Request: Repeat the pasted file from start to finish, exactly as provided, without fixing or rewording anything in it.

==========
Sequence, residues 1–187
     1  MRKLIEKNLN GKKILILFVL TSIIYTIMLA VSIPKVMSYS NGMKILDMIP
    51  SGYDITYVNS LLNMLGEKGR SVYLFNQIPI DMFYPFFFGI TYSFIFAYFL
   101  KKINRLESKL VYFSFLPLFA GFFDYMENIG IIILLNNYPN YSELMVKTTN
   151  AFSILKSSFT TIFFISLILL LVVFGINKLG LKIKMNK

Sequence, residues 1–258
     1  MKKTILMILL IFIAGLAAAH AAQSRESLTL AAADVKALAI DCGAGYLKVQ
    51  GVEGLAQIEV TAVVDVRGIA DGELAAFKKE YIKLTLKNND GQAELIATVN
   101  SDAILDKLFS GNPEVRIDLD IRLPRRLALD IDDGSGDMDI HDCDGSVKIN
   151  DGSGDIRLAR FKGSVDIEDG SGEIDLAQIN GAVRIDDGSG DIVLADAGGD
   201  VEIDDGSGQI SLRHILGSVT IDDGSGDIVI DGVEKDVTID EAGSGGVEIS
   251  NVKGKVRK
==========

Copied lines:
Sequence, residues 1–187
     1  MRKLIEKNLN GKKILILFVL TSIIYTIMLA VSIPKVMSYS NGMKILDMIP
    51  SGYDITYVNS LLNMLGEKGR SVYLFNQIPI DMFYPFFFGI TYSFIFAYFL
   101  KKINRLESKL VYFSFLPLFA GFFDYMENIG IIILLNNYPN YSELMVKTTN
   151  AFSILKSSFT TIFFISLILL LVVFGINKLG LKIKMNK

Sequence, residues 1–258
     1  MKKTILMILL IFIAGLAAAH AAQSRESLTL AAADVKALAI DCGAGYLKVQ
    51  GVEGLAQIEV TAVVDVRGIA DGELAAFKKE YIKLTLKNND GQAELIATVN
   101  SDAILDKLFS GNPEVRIDLD IRLPRRLALD IDDGSGDMDI HDCDGSVKIN
   151  DGSGDIRLAR FKGSVDIEDG SGEIDLAQIN GAVRIDDGSG DIVLADAGGD
   201  VEIDDGSGQI SLRHILGSVT IDDGSGDIVI DGVEKDVTID EAGSGGVEIS
   251  NVKGKVRK